Imagine you’ve drawn large squares on the floor, say ten of them, and numbered them sequentially. Imagine further that you’ve got a particularly clever dog, and that you train him to trot one box down the row every time you call out ‘plus one’. Imagine further still that you train him similarly for ‘plus two’, ‘plus three’, et cetera. So if the dog’s standing on square four, and you call out ‘plus five’, he’ll move to square nine, effectively adding the numbers. You’ve taught a dog how to add, right?
Wrong. The dog doesn’t know how to add. The dog doesn’t understand numbers, addition, or any of the abstract concepts contained therein. The dog may have some innate sense of quantity (two bones is more than one bone) but even that’s up for debate. You’ve programmed the dog to give the illusion of numeracy, but the dog is still, in the final analysis, a dog.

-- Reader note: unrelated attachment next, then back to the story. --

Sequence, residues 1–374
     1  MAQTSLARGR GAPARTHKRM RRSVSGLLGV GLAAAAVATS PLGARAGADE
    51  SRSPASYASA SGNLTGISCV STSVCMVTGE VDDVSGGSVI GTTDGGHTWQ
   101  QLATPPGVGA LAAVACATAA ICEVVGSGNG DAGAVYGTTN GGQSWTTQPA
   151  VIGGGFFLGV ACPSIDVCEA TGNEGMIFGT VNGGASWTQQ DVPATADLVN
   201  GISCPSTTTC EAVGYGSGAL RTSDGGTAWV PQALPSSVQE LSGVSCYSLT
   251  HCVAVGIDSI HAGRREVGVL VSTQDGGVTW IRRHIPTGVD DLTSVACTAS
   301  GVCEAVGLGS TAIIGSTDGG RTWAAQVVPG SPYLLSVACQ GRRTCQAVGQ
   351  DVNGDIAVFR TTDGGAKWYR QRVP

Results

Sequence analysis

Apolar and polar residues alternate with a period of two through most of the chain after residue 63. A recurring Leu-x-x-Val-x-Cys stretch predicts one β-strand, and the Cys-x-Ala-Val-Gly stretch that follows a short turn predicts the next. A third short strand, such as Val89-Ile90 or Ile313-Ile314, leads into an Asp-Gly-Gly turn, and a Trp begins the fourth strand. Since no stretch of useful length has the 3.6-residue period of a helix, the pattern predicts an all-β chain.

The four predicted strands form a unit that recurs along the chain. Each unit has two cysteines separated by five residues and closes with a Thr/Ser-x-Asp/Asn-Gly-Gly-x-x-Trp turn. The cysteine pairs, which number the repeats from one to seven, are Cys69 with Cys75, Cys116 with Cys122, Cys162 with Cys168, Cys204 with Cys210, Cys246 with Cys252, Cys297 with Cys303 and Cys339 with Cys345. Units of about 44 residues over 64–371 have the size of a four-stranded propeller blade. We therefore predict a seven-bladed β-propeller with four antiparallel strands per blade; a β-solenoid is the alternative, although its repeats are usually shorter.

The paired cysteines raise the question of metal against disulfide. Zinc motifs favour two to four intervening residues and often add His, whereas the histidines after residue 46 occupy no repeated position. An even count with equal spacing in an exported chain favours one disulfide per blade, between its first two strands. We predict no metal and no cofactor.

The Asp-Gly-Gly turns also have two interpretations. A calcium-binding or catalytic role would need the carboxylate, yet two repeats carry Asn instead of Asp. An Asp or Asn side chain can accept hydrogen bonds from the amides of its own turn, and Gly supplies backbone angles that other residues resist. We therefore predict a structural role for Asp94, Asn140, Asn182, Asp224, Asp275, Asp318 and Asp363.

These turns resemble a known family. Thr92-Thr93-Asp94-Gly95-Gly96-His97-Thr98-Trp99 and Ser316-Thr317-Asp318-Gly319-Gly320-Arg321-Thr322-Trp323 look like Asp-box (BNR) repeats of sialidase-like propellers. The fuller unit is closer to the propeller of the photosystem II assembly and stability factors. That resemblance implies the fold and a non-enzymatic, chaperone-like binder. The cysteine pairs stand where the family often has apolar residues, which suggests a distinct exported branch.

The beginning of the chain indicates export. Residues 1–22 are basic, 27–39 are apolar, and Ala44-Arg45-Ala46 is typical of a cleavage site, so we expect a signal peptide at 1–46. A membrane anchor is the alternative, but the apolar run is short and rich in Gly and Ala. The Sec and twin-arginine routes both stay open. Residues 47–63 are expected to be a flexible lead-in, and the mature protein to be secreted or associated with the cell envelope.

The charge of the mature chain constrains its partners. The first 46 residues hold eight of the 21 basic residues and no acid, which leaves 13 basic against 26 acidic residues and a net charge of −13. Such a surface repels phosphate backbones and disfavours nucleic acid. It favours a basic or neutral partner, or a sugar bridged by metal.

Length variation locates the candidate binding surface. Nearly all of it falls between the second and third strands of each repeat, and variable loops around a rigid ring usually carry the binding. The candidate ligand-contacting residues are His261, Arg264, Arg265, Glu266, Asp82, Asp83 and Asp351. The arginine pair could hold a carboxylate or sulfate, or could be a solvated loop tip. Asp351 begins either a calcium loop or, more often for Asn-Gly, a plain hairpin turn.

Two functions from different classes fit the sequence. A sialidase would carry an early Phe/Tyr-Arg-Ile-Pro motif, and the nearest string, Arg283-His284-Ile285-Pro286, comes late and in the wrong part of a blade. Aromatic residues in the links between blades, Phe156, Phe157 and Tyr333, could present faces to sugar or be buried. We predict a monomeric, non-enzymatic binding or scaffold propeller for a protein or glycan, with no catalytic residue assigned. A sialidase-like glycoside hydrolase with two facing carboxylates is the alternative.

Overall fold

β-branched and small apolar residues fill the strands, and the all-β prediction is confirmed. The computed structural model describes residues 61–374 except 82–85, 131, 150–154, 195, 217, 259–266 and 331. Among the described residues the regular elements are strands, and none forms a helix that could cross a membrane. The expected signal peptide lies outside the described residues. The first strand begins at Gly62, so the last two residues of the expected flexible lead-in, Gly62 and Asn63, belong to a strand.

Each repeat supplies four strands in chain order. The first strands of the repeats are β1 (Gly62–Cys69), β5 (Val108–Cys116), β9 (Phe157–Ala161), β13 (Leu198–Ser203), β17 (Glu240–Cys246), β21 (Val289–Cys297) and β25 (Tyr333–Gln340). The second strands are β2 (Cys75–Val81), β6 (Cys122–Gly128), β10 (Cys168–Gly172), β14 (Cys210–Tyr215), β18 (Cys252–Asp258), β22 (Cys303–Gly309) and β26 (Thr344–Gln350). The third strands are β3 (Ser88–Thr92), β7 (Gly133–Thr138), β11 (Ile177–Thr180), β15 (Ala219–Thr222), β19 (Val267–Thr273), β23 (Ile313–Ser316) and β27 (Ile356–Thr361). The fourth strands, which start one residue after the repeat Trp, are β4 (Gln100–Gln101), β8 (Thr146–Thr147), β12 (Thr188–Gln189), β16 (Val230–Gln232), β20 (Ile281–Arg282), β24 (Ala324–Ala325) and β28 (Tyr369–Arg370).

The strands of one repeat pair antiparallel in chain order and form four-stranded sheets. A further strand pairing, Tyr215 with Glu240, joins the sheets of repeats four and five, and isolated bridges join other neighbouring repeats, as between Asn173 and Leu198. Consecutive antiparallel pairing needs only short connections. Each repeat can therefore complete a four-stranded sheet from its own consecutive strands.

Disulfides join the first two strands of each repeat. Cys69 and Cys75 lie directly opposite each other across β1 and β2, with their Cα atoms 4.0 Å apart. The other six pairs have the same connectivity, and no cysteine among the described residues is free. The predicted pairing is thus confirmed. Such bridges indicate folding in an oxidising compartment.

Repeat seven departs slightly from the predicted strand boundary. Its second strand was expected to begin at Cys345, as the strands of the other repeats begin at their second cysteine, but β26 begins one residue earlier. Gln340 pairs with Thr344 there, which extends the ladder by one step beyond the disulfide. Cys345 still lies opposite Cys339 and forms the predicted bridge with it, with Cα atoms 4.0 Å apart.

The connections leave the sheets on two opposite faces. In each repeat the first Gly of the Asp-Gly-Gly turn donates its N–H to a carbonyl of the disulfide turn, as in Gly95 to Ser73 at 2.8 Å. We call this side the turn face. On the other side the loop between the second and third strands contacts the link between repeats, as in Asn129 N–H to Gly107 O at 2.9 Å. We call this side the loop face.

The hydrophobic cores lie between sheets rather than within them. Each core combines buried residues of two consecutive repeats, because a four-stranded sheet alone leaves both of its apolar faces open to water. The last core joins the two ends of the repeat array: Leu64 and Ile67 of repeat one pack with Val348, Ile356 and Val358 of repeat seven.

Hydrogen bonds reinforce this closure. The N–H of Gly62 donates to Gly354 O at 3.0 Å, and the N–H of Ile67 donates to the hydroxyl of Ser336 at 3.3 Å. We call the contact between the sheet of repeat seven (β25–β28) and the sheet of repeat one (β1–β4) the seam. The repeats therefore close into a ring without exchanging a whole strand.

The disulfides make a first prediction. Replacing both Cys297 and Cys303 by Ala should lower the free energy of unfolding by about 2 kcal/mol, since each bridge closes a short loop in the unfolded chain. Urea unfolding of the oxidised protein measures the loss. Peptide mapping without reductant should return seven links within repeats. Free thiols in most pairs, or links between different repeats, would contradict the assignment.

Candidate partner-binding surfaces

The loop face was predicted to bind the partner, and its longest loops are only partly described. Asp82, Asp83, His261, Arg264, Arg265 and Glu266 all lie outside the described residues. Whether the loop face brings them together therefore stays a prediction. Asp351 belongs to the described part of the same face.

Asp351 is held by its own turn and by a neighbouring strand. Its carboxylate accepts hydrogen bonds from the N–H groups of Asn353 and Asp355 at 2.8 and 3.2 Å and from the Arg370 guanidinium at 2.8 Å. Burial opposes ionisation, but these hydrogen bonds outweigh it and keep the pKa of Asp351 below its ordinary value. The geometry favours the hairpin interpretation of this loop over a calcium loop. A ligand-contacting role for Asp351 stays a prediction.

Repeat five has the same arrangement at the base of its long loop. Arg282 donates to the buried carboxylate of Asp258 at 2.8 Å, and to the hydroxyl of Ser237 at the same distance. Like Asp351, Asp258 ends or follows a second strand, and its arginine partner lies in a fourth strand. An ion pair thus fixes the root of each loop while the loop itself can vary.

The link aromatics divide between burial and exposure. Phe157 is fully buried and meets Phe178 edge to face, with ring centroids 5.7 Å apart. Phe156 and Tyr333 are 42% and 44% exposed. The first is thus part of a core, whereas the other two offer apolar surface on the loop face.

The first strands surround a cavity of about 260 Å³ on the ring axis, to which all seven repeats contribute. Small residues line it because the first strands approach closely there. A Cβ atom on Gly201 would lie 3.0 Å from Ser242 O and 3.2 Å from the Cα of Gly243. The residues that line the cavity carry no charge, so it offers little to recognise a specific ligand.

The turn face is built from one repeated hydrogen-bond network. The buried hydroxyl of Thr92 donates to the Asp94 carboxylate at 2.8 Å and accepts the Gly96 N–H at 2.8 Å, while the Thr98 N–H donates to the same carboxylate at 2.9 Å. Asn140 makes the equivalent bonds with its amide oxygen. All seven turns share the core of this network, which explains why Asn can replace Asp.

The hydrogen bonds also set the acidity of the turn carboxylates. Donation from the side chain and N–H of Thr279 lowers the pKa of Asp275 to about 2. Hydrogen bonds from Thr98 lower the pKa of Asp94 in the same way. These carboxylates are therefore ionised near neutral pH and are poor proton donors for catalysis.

Why do I bring this up? A course I’m taking this semester is taught by a… gentleman… who programs computers the same way this clever hypothetical dog adds numbers. And of course, he is grading me.